Guelph’s eMERGE has a new partner.
It has teamed up with Project Neutral, bringing an innovative and unique program to Guelph. It will help further our goal as a model city for residential sustainability across Ontario.
Guelph will be the first city outside Toronto to launch the new program in the fall.
Developed by a small but mighty group of engaged Torontonians, Project Neutral is a neigbourhood engagement tool that allows households to benchmark and compare their carbon footprint to other households at the neighbourhood and city levels.
The platform also provides an opportunity to chart a course of action with projects that can be implemented to achieve successful reductions.
The tools, which will be tailored specifically for the City of Guelph, will allow residents to compare their footprint with their average household type across the city.
They can see how they stack up to the most sustainable households in Guelph, and against other participating cities as the program expands across Ontario in 2015.
While community sustainability is the name of the game, the comparative aspects of the program help to motivate residents to take positive action and connect people to the resources available that will enable simple and impactful changes.
It’s part of not-for-profit eMERGE Guelph pathways programs designed to connect and engage Guelph residents in living lighter and richer.
The Project Neutral program is eMERGE’s third and latest pathway which will help to catalyse conversations around household sustainability and what ‘living well’ means to the average Guelphite.
Through its interactive web-based platform, the Project Neutral tool will be an accessible way to start a conversation around the dinner table or among family, friends and neighbours throughout the community.
Project Neutral focuses on household use of energy, water, transportation, waste and food. Whether a resident is interested in the natural environment, social equity or saving some money, Project Neutral addresses their concerns.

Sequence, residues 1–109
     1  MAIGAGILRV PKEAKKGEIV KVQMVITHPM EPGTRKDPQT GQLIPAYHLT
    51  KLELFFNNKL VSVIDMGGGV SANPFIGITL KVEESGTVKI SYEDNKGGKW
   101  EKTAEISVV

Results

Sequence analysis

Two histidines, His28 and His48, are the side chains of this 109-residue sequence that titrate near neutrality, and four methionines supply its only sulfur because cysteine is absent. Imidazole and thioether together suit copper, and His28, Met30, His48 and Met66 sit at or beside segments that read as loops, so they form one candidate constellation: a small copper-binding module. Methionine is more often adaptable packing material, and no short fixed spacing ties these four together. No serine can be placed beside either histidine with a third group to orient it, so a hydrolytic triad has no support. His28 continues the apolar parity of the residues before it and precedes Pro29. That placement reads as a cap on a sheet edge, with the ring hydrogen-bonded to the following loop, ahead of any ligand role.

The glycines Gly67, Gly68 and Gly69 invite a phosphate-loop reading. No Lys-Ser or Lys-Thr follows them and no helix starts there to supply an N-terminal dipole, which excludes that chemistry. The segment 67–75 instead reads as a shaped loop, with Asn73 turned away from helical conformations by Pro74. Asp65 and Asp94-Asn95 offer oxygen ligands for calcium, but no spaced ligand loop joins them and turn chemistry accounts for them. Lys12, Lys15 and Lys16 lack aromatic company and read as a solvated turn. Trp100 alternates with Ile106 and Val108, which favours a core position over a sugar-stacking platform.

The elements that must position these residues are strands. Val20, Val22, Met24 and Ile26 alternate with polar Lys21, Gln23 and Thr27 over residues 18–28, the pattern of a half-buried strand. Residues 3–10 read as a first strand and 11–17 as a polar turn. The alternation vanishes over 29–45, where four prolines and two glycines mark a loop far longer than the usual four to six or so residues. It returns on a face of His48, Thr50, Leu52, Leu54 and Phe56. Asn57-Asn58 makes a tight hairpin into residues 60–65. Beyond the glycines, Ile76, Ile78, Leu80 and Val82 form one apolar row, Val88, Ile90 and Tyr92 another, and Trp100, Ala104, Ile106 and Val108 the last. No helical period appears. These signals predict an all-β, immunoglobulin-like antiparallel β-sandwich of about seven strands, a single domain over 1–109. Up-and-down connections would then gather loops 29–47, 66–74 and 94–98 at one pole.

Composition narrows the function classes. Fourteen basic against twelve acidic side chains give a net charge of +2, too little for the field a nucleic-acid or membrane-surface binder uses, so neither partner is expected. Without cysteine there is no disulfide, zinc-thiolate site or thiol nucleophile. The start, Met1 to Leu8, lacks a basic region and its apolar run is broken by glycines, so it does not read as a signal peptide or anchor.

For example, Guelphites now spend $500 million on energy. The Community Energy Initiative aims to cut energy use in half (from 2006 to 2031), which would bring the amount our community spends on energy down to $250 million – saving a quarter billion dollars in energy costs.
This money could potentially stay and infuse our local economy, and make Guelph an attractive city to invest in provincially. Meanwhile, the savings in energy would be equivalent to taking hundreds of vehicles off the road, promoting cleaner air, water and improving our community’s overall health.
If you include changes we might see that focus on water, transportation, waste and food there is a considerable amount of room for positive action within our community – individual actions whose benefits extend across the community.
By continuing to offer a variety of free programs like Project Neutral, home visits and Transition Streets, eMERGE Guelph is helping residents not only make meaningful connections within their community, but is also creating a culture of awareness and action.
This gives Guelphites the tools to start planning what we want our city to look like 5, 10, 15 years from now, and a way to get there.
Through growing numbers and calculated reductions, Project Neutral-Toronto has proven it is a program worth checking out.
As a city that has developed a reputation for strong community connections and entrepreneurial spirit, Guelph is becoming a sustainability leader within the province.
Steve Yessie is Project Neutral Coordinator at eMERGE Guelph